We take a look at pharmacy news around the world
Dunedin, NZ: A pharmacy student from the University of Otago has appeared in court facing 10 drugs-related charges, including possessing a methamphetamine pipe, importing amphetamine, possession of steroids, possession of a prescription for steroids, and two charges of possession of amphetamine.
The student, who has been granted a continuation of his interim name suppression, reports Stuff.co.nz, had previously been charged with supplying steroids, possession of amphetamine, and two counts of possession of a prescription of steroids.
He has been remanded in custody until later this month.
Florida, US: A Miami pharmacy owner and her son have each pled guilty to one count of conspiracy to commit health care fraud, after admitting to having coordinated a $16 million Medicare fraud scheme.
Pharmacy Times reports that Niurka Fernandez and her son, Roberto Alvarez, led Medicare to pay beneficiaries and patient recruiters for clinically unnecessary scripts, billing Medicare for medicines that were never dispensed. The fraud took place at two Miami pharmacies owned by Fernandez.
Alvarez worked at one of the pharmacies, ostensibly as a pharmacy technician while he instead facilitated payments to Medicare beneficiaries and writing checks to money launderers.
The case was part of the Medicare Fraud Strike Force, which has already charged nearly 2000 defendants who have together billed Medicare more than $10 billion.
Scotland, UK: The Royal Pharmaceutical Society Scotland has called for better use of pharmacists’ skills in primary care.
In response to the Scottish Parliament’s inquiry into the role of pharmacists in GP hubs, the RPS made four key recommendations.
“We believe health and wellbeing will be improved by ensuring workforce plans recognise and use the skills and experience of pharmacists to support patients who take medicines as part of a comprehensive health and social care team approach within people’s own localities,” says practice and policy lead Aileen Bryson.
“Given the central role medicines continue to play in today’s NHS and the shared desire to avoid harm and conserve resources, it is now more important than ever that we look at how we use our available resources and optimise skill mix.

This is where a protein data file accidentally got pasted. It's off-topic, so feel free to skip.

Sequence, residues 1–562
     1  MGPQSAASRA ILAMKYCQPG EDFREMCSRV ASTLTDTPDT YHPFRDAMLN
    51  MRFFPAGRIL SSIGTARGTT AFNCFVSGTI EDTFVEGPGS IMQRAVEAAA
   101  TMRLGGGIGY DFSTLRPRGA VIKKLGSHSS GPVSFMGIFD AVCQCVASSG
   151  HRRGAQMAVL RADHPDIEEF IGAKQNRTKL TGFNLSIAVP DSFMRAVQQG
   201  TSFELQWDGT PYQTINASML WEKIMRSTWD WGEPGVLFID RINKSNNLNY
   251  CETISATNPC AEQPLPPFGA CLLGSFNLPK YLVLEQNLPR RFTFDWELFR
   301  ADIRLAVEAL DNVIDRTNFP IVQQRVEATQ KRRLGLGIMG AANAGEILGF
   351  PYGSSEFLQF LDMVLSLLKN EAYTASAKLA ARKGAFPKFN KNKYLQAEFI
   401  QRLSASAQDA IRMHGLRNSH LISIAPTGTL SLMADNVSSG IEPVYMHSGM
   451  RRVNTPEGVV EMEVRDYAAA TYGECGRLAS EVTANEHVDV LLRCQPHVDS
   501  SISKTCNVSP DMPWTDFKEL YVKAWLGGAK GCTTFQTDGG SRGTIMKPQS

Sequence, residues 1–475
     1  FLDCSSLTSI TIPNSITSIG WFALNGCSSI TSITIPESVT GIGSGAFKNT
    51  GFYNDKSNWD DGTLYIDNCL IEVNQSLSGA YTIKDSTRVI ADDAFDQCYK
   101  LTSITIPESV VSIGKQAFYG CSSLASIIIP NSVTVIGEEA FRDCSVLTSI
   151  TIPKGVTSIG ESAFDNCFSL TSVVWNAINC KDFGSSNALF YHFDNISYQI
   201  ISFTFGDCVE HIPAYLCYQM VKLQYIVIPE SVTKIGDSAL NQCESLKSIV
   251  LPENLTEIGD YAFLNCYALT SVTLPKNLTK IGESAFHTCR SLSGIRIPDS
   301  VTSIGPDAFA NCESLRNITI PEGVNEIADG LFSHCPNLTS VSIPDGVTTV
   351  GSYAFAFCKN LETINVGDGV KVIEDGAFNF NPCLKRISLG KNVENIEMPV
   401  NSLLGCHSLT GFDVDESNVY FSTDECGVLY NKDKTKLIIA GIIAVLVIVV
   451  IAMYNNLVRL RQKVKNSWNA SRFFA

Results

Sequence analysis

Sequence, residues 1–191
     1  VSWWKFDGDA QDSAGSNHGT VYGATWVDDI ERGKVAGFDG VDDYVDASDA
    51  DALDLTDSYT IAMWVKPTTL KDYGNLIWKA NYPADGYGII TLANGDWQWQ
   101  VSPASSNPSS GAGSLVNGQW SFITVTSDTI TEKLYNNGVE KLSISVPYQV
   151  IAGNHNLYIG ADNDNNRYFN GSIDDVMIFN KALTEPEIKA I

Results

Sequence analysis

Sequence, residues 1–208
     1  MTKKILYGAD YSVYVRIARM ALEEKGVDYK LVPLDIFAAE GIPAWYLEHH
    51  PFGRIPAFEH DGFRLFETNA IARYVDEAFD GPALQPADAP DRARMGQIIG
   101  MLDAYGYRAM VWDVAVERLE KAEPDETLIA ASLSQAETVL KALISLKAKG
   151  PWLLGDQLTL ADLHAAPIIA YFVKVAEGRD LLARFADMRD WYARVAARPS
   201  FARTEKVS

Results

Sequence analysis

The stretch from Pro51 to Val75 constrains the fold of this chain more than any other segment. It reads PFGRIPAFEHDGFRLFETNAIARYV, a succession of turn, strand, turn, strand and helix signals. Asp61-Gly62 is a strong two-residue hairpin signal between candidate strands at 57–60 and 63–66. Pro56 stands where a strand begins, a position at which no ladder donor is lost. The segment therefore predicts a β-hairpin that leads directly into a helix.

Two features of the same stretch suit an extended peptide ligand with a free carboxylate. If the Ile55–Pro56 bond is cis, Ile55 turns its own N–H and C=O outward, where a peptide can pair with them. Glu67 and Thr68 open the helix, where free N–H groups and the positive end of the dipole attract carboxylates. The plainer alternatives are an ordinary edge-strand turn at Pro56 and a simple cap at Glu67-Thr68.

“Our submission provides further detail on the key areas where pharmacist’s expertise is necessary as a member of the multidisciplinary team.”
Ensure that we have the right skill mix within the health and social care team for the appropriate provision of care and services for patients and the public closer to home and to relieve pressures on hospitals and A&E departments. This will allow resources to be further focused on longer term prevention in primary care which will be necessary for sustainability in the NHS.
Making better use of our limited resources, the best possible patient care will come from pharmacists practicing where they can make the most difference to patient care, and by ensuring that the tasks they undertake are patient-facing specific to their skill set.
Utilise the current three year funding and new pharmacist posts as an ideal opportunity to evaluate the new ways of working with a view to provide a national strategic approach to holistic person centred care in the primary care setting.
Going forward we must also ensure that pharmacists who work in community pharmacies are further enabled to work with GPs and other health and social care colleagues to improve care of patients.
US: Walgreens and the US Department of Health and Human Services are collaborating to help provide more than $10 million of free flu shot vouchers this northern flu season to improve influenza immunisation rates among Americans without health insurance.
Through the initiative, which is in its seventh year, Walgreens has provided more than $50 million worth of vouchers to communities across the country.
HHS and Walgreens are distributing vouchers through a variety of outreach efforts, local events and community and faith-based organizations nationwide.
Richard Ashworth, Walgreens president of pharmacy and retail operations, says: “We know that cost can be a barrier for some people when it comes to vaccinations and other preventive care. And by providing access to flu shots at no cost for those who are eligible, we can make a significant impact by protecting more people throughout the flu season.”